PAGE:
Lewis Hamilton roared to victory with a polished lights-to-flag drive for Mercedes in Sunday’s restored French Grand Prix to regain top spot in the world championship.
The four-time world champion led from start to finish, bar one lap following his pit stop, as he claimed his first win in France, his third this year and the 65th of his career.
Hamilton came home seven seconds clear of Dutchman Max Verstappen with Kimi Raikkonen taking third for Ferrari after passing his Red Bull team-mate Daniel Ricciardo with five laps remaining.
Hamilton’s consummate performance came after fellow four-time champion and pre-race leader Sebastian Vettel of Ferrari crashed into his Mercedes team-mate Valtteri Bottas on the opening lap.
Both suffered damage and, under an early Safety Car, limped to the pits for repairs.
They rejoined from the back of the field to finish fifth and seventh respectively, either side of Kevin Magnussen of Haas, who was sixth.
Vettel had to serve a five seconds penalty, which he took at his second pit stop.
Carlos Sainz came home eighth for Renault, to the delight of the crowd, ahead of team-mate Nico Hulkenberg and Charles Leclerc, who secured a point for Sauber with another impressive performance.
“Great work guys, great work everyone,” said Hamilton, who had watched England defeat Panama 6-1 in the World Cup before the race.
– ‘Good day for England’ –
“It’s a good day for England.”
The race began in stifling heat with air temperatures soaring over 30 degrees Celsius and the track close to 46 degrees, to which a gusting mistral wind added further challenges.
There was immediate drama on the opening lap when, at Turn One, Vettel rammed into the rear of Bottas’s Mercedes in an incident that immediately required the deployment of the Safety Car.
Hamilton, from his record 75th pole position, made a clean departure, but in another incident at Turn Three two of the home French drivers were involved in another crash as Pierre Gasly of Toro Rosso collided with Esteban Ocon of Force India.
Both suffered comprehensive damage to their cars and had to retire, leaving Romain Grosjean to carry the French flag after surviving an incident when Vettel, minus a front wing on his Ferrari, made contact with his Haas car.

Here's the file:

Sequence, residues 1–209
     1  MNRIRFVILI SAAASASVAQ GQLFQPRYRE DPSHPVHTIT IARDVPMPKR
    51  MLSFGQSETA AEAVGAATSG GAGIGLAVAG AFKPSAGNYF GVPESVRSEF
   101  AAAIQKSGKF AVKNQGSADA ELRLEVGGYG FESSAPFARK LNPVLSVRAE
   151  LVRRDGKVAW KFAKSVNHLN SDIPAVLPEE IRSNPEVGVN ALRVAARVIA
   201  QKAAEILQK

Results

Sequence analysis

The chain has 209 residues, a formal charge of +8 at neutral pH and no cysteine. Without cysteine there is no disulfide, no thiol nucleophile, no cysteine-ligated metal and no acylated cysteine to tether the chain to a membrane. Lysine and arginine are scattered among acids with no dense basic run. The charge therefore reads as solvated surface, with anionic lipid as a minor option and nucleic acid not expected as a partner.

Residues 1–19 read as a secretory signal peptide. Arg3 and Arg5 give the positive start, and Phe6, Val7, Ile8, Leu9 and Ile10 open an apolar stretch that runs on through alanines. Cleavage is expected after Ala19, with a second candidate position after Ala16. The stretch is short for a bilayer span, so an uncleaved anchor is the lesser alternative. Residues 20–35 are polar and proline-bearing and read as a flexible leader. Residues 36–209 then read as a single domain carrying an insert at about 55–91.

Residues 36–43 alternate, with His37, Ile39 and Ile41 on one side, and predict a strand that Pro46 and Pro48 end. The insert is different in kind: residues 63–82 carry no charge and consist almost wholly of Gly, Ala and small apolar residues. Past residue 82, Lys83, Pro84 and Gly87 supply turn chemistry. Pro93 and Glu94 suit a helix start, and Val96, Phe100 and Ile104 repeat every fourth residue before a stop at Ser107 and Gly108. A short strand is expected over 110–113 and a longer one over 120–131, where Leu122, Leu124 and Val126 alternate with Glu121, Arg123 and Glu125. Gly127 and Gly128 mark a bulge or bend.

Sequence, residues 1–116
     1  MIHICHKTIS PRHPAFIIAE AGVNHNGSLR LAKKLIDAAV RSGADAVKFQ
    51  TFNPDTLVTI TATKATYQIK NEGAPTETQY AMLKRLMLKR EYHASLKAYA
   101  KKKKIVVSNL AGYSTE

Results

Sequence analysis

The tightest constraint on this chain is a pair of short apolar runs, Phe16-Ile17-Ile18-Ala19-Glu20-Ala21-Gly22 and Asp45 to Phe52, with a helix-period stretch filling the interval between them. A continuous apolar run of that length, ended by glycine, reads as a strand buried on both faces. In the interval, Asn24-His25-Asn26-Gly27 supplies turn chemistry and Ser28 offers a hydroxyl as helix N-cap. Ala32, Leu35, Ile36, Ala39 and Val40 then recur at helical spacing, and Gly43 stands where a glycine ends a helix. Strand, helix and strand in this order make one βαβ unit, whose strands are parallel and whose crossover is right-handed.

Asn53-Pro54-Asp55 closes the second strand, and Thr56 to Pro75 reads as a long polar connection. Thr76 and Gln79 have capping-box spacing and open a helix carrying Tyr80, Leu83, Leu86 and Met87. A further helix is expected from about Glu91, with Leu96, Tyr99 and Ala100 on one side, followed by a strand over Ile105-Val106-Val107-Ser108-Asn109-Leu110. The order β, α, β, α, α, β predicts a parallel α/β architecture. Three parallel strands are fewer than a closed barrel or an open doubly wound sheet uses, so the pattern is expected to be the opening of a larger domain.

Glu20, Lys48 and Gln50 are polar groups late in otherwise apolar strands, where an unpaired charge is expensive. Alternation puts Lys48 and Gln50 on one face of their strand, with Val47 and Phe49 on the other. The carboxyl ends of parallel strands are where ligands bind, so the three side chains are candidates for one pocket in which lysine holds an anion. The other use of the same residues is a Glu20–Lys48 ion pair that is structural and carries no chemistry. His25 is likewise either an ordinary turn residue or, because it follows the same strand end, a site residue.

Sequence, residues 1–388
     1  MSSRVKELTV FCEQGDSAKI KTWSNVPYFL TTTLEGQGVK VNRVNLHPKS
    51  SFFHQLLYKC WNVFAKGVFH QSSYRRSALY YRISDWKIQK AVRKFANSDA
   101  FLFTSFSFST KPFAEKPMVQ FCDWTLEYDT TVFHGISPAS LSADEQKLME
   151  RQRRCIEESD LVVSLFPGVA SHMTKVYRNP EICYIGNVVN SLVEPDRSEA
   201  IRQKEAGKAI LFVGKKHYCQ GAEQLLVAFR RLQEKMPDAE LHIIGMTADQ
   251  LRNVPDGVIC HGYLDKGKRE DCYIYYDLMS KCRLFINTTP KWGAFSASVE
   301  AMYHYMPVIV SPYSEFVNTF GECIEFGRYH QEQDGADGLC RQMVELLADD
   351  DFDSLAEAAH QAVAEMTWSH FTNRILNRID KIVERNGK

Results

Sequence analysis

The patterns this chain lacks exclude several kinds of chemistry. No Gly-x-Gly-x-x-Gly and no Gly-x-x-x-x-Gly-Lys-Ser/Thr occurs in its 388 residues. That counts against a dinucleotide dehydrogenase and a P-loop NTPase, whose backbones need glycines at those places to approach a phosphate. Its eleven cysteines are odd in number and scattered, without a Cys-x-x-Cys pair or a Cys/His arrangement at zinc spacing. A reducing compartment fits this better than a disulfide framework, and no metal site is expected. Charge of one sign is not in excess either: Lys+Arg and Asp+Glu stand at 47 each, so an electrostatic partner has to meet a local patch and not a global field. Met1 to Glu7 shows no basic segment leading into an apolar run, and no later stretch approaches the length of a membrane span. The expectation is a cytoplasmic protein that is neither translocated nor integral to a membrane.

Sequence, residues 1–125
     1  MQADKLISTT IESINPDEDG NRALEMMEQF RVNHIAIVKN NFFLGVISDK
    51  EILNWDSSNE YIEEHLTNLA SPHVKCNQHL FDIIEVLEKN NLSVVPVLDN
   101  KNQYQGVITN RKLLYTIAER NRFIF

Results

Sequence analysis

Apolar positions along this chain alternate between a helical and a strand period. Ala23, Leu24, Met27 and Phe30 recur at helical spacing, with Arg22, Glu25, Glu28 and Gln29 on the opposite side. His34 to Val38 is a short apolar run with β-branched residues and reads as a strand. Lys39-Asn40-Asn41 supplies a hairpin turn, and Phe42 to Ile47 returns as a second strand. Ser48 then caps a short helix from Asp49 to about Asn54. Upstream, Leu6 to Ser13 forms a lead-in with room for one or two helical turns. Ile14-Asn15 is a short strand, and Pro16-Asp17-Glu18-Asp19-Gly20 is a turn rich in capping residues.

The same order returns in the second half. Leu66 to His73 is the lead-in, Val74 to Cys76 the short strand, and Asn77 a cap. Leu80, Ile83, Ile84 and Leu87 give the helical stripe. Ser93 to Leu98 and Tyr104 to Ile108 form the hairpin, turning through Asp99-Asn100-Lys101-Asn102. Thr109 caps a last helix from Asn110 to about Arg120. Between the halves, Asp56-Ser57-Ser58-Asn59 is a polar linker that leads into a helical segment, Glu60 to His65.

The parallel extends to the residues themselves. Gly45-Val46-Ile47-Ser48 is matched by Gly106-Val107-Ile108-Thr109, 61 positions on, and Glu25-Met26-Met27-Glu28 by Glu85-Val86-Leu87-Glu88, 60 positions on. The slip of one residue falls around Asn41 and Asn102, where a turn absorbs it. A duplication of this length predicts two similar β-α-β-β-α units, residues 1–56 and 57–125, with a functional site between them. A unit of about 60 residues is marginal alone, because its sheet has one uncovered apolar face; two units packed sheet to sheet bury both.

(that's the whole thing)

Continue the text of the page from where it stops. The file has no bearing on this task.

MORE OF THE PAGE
Bottas, with a punctured rear left tyre, and Vettel managed to steer their damaged machines back to the pits for repairs and rejoined the fray at the back of the field.
Racing resumed on lap six when Hamilton surged away ahead of Verstappen with Sainz third for Renault.
The Spaniard was under pressure from Ricciardo and he was overtaken by the Australian and then fell to fifth when Raikkonen flew past.
By lap 23, Hamilton was in command ahead of Verstappen by six seconds with Ricciardo, Raikkonen and a charging Vettel, back up to fifth, leading the chase.
Bottas, less effective in his efforts to recover in a car that suffered floor and other damage, was down in 10th.
Rain threatened, but on lap 25, Verstappen pitted for fresh soft tyres, followed a lap later by Sainz. Vettel rose to fourth behind Hamilton and the two Red Bulls.
Ricciardo pitted for second after 28 laps, rejoining fifth behind the German, but it was clear Hamilton was enjoying his Sunday afternoon drive as he led Raikkonen, second, by 20 seconds.
He eventually pitted after 33 laps and came out behind Raikkonen, who led him by three seconds with Verstappen third.
The Finn came in one lap later to rejoin fifth soon after Ricciardo had blasted past an uneven-looking Vettel, who ran wide at Le Beausset.
Bottas finally climbed back to sixth to restore the three big teams’ routine occupation of the top positions and, with 12 laps remaining, caused a surprise when he pitted again.
It was a slow stop, at 8.7 seconds, and dropped him to ninth just as Vettel pitted again, taking his penalty before he rejoined fifth for the final charge.